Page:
14. 6 points
    I can understand why. The WH was concerned that Miller might show up thinking it was "come as you are."
  15. 5 points
    Not only that, but people overlook Cody's acts of consideration in the film. Here is a prime example, Jarrett supplying some air holes in a car trunk for a guy stuck inside. "That's my Cody. Always thinking about others."
  16. 5 points
    I've never been to any carnies in the sticks but I do recall when Toronto's CNE had fat lady setups as part of its mid way, which is primarily comprised of games and rides. No geeks, though. I recall a large tacky sign with a painting of a woman who transformed into a gorilla. It looked like fun so I went into a large tent with a friend of mine. There was a fair collection of yokels there, err, I mean ticket buyers like us. Anyway there was a cage on a platform with a woman inside it. Some guy gave us a brief spiel and the lights in the tent went out. When the lights came on again, sure enough, there was an ape in the cage who pressed wide open the bars and leaped down from the platform running amuck in the screaming crowd which started to run from the tent. Being the manly sort I grabbed my friend, Michele, and held her firmly in front of me so the gorilla would get her first. But Michele was fearless. She just kept laughing. The gorilla then turned and started to exit the tent off to the side and, as she did so, Michele said, "Look, Tom, the gorilla has adidas." I checked her feet and, sure enough, the ape was wearing better shoes than me. It was sunny outside as we watched the dark outline of the gorilla through the canvas tent. The ape started climbing some stairs at the back of the tent which was taking her back to the cage on the platform. At the last moment as we watched the outline of the ape we saw it reach up and remove the gorilla head. At that moment I started to get cynical about the legitimacy of what we had just witnessed.
  17. 5 points
    So it was Bowling Green University in Ohio that pulled this? Bowling Green University is located in Bowling Green, Ohio ... and the town is named after Bowling Green, Kentucky ... which was the provisional capital of Kentucky during the Civil War ... and Kentucky was a confederate state ... and ... and ... racist or something ...
  18. 5 points
    Mermaids of Tiburon (1962) - 4/10 Silly mammillary adventure tale about a marine biologist (George Robotham) who is hired to look for a bed of giant clams that contain "fire pearls", somewhere off the coast of Tiburon Island in the Gulf of California, Mexico. He finds a race of mermaids there protecting the giant clams. Also featuring Diane Webber, Gaby Martone, Jose Gonzales-Gonzales, John Mylong, and Timothy Carey. The filmmakers felt their initial cut of the film was a dud, so they added a lot of footage of topless girls swimming around without the mermaid fins. If one wants to ogle nice-looking women as they swim topless, then this movie is a 9/10. Unfortunately, they leave some story and character stuff in, too, which brings it down a lot. The movie is still titillating, and there are ample displays of the breast stroke. Some night scenes required the use of headlights, and I'm sure jugs of wine were guzzled during production. One early scene features a building entrance with nice, ornate doorknockers, while some noisy owls almost ruined the sound during another scene, those loud hooters! Boobs. Source: internet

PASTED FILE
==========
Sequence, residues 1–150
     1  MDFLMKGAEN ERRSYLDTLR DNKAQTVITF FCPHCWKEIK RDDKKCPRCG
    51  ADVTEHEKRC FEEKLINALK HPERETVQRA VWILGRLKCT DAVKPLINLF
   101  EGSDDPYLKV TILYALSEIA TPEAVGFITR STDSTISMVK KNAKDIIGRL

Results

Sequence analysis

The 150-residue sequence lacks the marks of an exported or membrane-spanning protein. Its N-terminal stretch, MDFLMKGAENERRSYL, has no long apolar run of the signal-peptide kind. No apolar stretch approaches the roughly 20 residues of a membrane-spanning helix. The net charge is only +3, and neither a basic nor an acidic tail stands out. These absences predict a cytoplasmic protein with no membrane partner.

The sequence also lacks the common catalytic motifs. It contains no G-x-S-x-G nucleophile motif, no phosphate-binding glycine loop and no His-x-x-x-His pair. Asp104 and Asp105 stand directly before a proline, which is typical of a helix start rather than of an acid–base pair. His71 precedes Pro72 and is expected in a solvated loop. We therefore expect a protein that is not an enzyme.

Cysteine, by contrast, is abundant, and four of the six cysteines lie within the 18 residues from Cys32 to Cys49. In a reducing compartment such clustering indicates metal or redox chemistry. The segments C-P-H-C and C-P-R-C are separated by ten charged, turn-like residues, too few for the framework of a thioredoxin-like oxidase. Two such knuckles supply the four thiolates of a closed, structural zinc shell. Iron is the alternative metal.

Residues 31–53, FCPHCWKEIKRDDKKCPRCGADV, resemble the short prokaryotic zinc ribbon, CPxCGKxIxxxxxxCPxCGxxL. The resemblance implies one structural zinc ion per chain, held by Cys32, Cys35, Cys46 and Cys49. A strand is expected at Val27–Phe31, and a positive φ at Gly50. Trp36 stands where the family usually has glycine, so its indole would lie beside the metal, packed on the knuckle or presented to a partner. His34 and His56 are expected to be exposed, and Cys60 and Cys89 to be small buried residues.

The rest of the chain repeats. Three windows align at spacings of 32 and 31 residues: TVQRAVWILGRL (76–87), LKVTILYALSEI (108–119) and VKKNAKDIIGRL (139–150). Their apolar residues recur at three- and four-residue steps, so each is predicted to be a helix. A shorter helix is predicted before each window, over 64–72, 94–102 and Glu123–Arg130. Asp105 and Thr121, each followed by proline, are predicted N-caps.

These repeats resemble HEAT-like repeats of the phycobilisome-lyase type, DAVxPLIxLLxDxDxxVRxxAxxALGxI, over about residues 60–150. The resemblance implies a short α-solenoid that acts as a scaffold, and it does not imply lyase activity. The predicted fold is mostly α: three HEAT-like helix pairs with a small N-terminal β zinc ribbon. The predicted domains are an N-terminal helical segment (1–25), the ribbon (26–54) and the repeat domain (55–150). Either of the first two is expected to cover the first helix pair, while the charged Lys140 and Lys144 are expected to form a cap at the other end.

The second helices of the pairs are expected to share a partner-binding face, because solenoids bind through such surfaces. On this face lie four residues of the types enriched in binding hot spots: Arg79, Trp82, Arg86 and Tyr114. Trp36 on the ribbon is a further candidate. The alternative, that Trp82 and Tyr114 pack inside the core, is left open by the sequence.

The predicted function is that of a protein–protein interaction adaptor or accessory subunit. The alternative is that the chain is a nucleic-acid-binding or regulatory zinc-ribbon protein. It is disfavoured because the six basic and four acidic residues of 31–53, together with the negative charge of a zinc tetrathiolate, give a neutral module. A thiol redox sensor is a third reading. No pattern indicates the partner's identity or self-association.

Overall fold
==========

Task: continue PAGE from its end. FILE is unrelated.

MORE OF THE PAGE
19. 5 points
    I'm a little surprised that some posters here didn't pick up on the film's sexual act clues. After Stan kisses Molly she becomes serious and says, "Stan we shouldn't do this." "Why not?" he responds before kissing her again. She obviously likes the kiss but then says, "No." He then tells her that Zeena and he are just friends, that's all, and he doesn't like to be alone with her since Pete died. He only wants "the code" from her. When Stan then tells Molly he wants her to come with him and Zeena (when they go on the road together) there is a big closeup of Molly's face saying she doesn't care about anything then (including Zeena obviously) before she and Stan embrace and kiss again, followed by a screen fadeout. I think anyone familiar with the subtleties by which studios had to get around the Production Code by using film language like this would know what happens next. That is confirmed by the reaction of both Zeena and Bruno to them in the diner. Bruno asks Molly where she had been and she defensively responds by shouting "Where did you think I had been?" Following this the eyes of both Zeena and Bruno slowly fall down to Stan, who is sitting at the table eating and trying to look innocent. When Stan sees them looking at him he still acts casual, saying, "What's the dif? She's here now, isn't she?" An angry Zeena then tells Bruno there are a few questions she'd like to ask Stan after he gets through with him, followed by the kicker statement from Zeena: "Oh, Stan, Stan, aren't you the foxy one, making out like you didn't know even know this child was on the face of the earth. You sure fooled me." I can only say that it appears that Zeena wasn't the only one fooled by Stan to go by a few of the posters here who still haven't figured out what he did with Molly. Admittedly the film tipsy toes around what happened between the two but I think it's there to be seen if you take another look at the two scenes put together.
  20. 5 points